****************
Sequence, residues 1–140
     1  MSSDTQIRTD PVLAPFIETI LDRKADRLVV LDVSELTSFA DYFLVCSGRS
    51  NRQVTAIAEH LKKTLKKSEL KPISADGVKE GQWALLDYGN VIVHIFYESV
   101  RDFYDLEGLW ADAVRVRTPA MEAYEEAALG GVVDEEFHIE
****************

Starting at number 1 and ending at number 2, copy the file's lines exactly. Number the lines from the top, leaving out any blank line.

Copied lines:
Sequence, residues 1–140
     1  MSSDTQIRTD PVLAPFIETI LDRKADRLVV LDVSELTSFA DYFLVCSGRS